Through the years of my Ethiopian fileldwork, and since then in other professional contexts, I have often been aware of the way in which gender has shaped the topics I have studied, influenced my research strategies, and colored the resulting interpretations. Until now, however, I have been reluctant to acknowledge fully this impact, both for its positive and negative aspects, and to take the further step of allowing it to emerge in my writing.(p.xxi)

In a recent article in the Guardian, titled, ‘African Aid. ‘No Pity Shit’, Magatte Wade writes:

I know that there are countless people in the NGO world that have done a great deal of good. But I would like to propose that NGOs either refuse to hire, or simply fire, anyone who has a condescending attitude towards the poor. We need to certify a new class of NGO: “No pity shit” NGOs.

What do you think about what often can be described as the ‘infantilisation’ by NGO workers from the global north of those they work with in the ‘developing’ world? Feel free to leave your comments below.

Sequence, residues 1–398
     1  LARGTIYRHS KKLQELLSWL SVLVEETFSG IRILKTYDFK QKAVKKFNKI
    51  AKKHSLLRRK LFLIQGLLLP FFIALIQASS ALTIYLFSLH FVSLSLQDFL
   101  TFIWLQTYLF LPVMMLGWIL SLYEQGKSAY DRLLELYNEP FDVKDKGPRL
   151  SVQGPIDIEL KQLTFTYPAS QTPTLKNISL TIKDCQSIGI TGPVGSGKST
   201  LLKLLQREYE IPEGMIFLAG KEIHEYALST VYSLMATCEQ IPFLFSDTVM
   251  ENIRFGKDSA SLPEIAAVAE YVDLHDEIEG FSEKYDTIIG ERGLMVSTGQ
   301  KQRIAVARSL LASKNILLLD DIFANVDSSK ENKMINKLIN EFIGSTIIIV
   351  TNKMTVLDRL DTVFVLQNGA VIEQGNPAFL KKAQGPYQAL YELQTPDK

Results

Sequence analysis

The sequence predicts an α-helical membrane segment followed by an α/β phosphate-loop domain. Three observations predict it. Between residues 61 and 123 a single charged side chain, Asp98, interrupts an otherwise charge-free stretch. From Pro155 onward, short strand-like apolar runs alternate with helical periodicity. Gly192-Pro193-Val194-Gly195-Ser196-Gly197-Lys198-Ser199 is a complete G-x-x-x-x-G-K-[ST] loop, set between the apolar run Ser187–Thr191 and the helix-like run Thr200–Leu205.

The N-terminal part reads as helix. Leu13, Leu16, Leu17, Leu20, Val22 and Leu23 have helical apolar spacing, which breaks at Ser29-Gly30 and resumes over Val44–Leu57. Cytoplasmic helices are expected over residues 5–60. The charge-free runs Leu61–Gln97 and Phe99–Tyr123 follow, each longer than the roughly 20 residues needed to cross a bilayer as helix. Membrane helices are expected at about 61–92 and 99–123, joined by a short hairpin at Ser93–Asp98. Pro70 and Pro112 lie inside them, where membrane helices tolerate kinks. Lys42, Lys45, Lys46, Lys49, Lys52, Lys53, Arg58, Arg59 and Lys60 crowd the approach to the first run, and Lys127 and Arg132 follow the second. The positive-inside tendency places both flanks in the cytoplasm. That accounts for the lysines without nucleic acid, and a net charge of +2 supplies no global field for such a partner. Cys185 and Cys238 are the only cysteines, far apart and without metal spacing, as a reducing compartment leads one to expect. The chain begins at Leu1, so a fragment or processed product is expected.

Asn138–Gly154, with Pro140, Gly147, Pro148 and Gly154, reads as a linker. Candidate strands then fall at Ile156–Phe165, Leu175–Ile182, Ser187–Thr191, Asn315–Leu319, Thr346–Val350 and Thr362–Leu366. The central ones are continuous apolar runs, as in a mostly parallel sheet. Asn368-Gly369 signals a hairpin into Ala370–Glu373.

All images of the Hamer, Karo and Arbore people of Ethiopia by Joey Lawrence  - http://www.joeyl.com.
(C) 2012, Dr Claudette Carr.
About Dr Carr:

Dr Carr is the founding Director of the Jethro Institute for Good Governance (JIGG), and has over seventeen years experience lecturing in International and Community Development, Youth & Community Work, Social Work, and Social Policy, at Brunel, Birbeck, Lucerne University of Applied Sciences (Switzerland) and the University of Westminster. Alongside Lucerne colleagues, as Principal Lecturer, Claudette  co-ordinated the programme for the MA in International Community Development.    As the London Course leader, she successfully facilitated the Summer School in International Community Development at Westminster. In Partnership with J!GG, The Sylvia Pankhurst Memorial Committee, and the University of Westminster, Claudette has set up and secured funding for the Sylvia Pankhurst Scholarship for Ethiopian girls, and the Dr John Garang Scholarship for South Sudan starting in September 2012.